For proteins (Lowry procedure, Van Houtte et al., 2013)

  1. Transfer 10 μl of the dialysis product in a 96-well plate with flat bottom (= plate P) and add 30 μl water to these samples.
  2. Transfer 40 μl of each respective BSA standard to plate P.
  3. Add 200 μl of Reagent C (Lowry buffers) to plate P and incubate for 10 min at room temperature.
  4. Add 20 μl of Reagent D (Lowry buffers) to plate P and incubate for 30 min at 30 °C.
  5. Measure the absorbance of plate P at 546 nm with a spectrophotometric plate reader (30 °C).
  6. Use the BSA standard curve to determine the amount of protein (μg) present in the extracts (see Example: Calculating the trehalase activity in excel).
  7. Express the trehalase specific activity as nmol of glucose released per min per mg protein (see Example: Calculating the trehalase activity in excel).

Data analysis

Here we show an example how to calculate the trehalase activity from a protein extract of Arabidopsis Col-0 seedlings.

  1. Glucose standard curve
    Using excel, plot the glucose concentration of the respective glucose standards on the X axis and the corresponding absorbances (505 nm) on the Y axis (Table 1; Figure 2). Add a linear trendline to the glucose standard curve and diplay its equation (Figure 2; [1]).

    [1] y = 0.0157x + 0.0858

    Table 1. Absorbances at 505 nm (Plates S and B)
    Glucose standards
    Absorbance (505 nm)
    0 nmol glucose
    0.08
    20 nmol glucose
    0.3721
    40 nmol glucose
    0.7421
    60 nmol glucose
    1.0355
    80 nmol glucose
    1.3792
    100 nmol glucose
    1.6143
    Arabidopsis Col-0 tissues
    Absorbance (505 nm)
    Sample
    0.1483
    Blank
    0.0898


    Figure 2. Glucose standard curve

  2. Determination of the glucose concentration
    Equation [1] and the absorbances (505 nm) of the sample and blank (Table 1) can be used to calculate the glucose concentration present in the sample and blank.
    [2] Nmol glucose in sample = (0.1483-0.0858)/0.0157
      = 3.9809

    [3] Nmol glucose in blank = (0.0898-0.0858)/0.0157
      = 0.2548

    In order to know how many glucose is released per min in the extract, subtract [3] from [2], and divide by the duration of the incubation time (min).

    [4] Nmol glucose released per min = (3.9809 - 0.2548)/30
      = 0.1242


  3. BSA standard curve
    Since trehalase activity is expressed per unit of protein, we need to determine the amount of protein present in the extract. Using excel, plot the protein content of the respective BSA standards on the X axis and the corresponding absorbances (546 nm) on the Y axis (Table 2; Figure 3). Add a linear trendline to the BSA standard curve and display its equation (Figure 3; [5]).


    Figure 3. BSA standard curve

    [5] y = 0.0242x + 0.0576

  4. Determination of the protein content
    Equation [5] and the absorbance (546 nm) of the protein extract (Table 2) can be used to calculate the protein content.

    Table 2. Absorbances at 546 nm (Plate P)
    BSA standards
    Absorbance (546 nm)
    0 μg protein
    0.0488
    10 μg protein
    0.3224
    20 μg protein
    0.5603
    30 μg protein
    0.7159
    40 μg protein
    1.0637
    Arabidopsis Col-0 tissues Absorbance (505 nm)
    Protein 0.4786

    [6] μg protein in extract = (0.4786 - 0.0576)/0.0242
      = 17.3967


  5. Trehalase specific activity of Arabidopsis Col-0 seedlings
    Since the specific trehalase activity is expressed as nmol glucose produced per min per mg protein, we need to divide [4] by [6], and multiply by 1,000.

    [7] Trehalase specific activity in nmol glucose per min per mg protein = 0.1242/17.3967*1,000
      = 7.1393

Recipes

  1. Extraction buffer
    0.1 M MES-KOH, pH 6
    1 mM PMSF
    1 mM EDTA
    1% (w/v) PVP
    1 mM DTT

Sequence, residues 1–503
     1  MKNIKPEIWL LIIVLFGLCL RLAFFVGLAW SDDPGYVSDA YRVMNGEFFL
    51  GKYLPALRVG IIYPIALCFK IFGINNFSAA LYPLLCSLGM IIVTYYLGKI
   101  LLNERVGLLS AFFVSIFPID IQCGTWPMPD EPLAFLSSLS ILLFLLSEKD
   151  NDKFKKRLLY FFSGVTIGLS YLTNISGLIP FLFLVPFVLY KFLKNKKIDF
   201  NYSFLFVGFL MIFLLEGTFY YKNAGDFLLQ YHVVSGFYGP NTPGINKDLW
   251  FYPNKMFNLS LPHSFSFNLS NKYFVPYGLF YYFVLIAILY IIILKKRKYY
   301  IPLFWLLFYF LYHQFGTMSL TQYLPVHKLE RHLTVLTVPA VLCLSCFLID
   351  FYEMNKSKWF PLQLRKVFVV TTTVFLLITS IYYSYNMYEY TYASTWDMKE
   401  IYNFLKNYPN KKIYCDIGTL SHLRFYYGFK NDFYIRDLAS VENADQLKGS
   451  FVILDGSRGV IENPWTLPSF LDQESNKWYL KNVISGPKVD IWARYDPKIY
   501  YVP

Stored at 4 °C
  2. Dialysis buffer
    10 mM MES-KOH, pH 7
    50 μM CaCl2
    Stored at 4 °C
  3. Trehalose buffer
    250 mM trehalose
    62.5 mM MES-KOH, pH 7
    125 μM CaCl2
    Stored at 4 °C
  4. Glucose standards
    Make standards with 10, 8, 6, 4, 2 and 0 μl of a 10 mM glucose solution in a total V of 10 μl
    Fresh prepared or store 10 μl aliquots at -20 °C
  5. BSA standards
    Make standards with 40, 30, 20, 10 and 0 μl of a 1 mg/ml BSA solution in a total V of 40 μl
    Fresh prepared and keep on ice
  6. Lowry buffers
    Reagent A:
    2% (w/v) Na2CO3, 0.02% (w/v) K-Na-tartrate in 0.1 M NaOH
    Stored at room temperature
    Reagent B:
    1% (w/v) CuSO4.5H2O
    Stored at room temperature
    Reagent C:
    Mix solution A and B (100:1, [v/v])
    Fresh prepared
    Reagent D:
    Mix Folin & Ciocalteu's phenol reagent with MilliQ water (1:2, [v/v])
    Fresh prepared

Acknowledgments

This protocol was developed in the framework of the following paper: Van Houtte et al. (2013). It was developed based on two previous publications: Brodmann et al. (2002) and Pernambuco et al. (1996). Hilde Van Houtte was supported by the KU Leuven industrial research fund (IOF/KP/08/001). This work was supported by a grant from the FWO (G.0859.10).

References

  1. Brodmann, A., Schuller, A., Ludwig-Muller, J., Aeschbacher, R. A., Wiemken, A., Boller, T. and Wingler, A. (2002). Induction of trehalase in Arabidopsis plants infected with the trehalose-producing pathogen Plasmodiophora brassicae. Mol Plant Microbe Interact 15(7): 693-700.
  2. Lowry, O. H., Rosebrough, N. J., Farr, A. L. and Randall, R. J. (1951). Protein measurement with the Folin phenol reagent.J Biol Chem 193(1): 265-275. 
  3. Pernambuco, M. B., Winderickx, J., Crauwels, M., Griffioen, G., Mager, W. H. and Thevelein, J. M. (1996). Glucose-triggered signaling in Saccharomyces cerevisiae: different requirements for sugar phosphorylation between cells grown on glucose and those grown on non-fermentable carbon sources. Microbiology 142(7): 1775-1782.
  4. Van Houtte, H., Vandesteene, L., Lopez-Galvis, L., Lemmens, L., Kissel, E., Carpentier, S., Feil, R., Avonce, N., Beeckman, T., Lunn, J. E. and Van Dijck, P. (2013). Overexpression of the trehalase gene AtTRE1 leads to increased drought stress tolerance in Arabidopsis and is involved in abscisic acid-induced stomatal closure. Plant Physiol 161(3): 1158-1171. 


How to cite: Readers should cite both the Bio-protocol article and the original research article where this protocol was used:
  1. Houtte, H. V. and Dijck, P. V. (2013). Trehalase Activity in Arabidopsis thaliana Optimized for 96-well Plates. Bio-protocol 3(20): e946. DOI: 10.21769/BioProtoc.946; Full Text
  2. Van Houtte, H., Vandesteene, L.,Lopez-Galvis, L., Lemmens, L., Kissel, E., Carpentier, S., Feil, R., Avonce,N., Beeckman, T., Lunn, J. E. and Van Dijck, P. (2013). Overexpressionof the trehalase gene AtTRE1 leads to increased drought stress tolerancein Arabidopsis and is involved in abscisic acid-induced stomatalclosure. Plant Physiol 161(3): 1158-1171.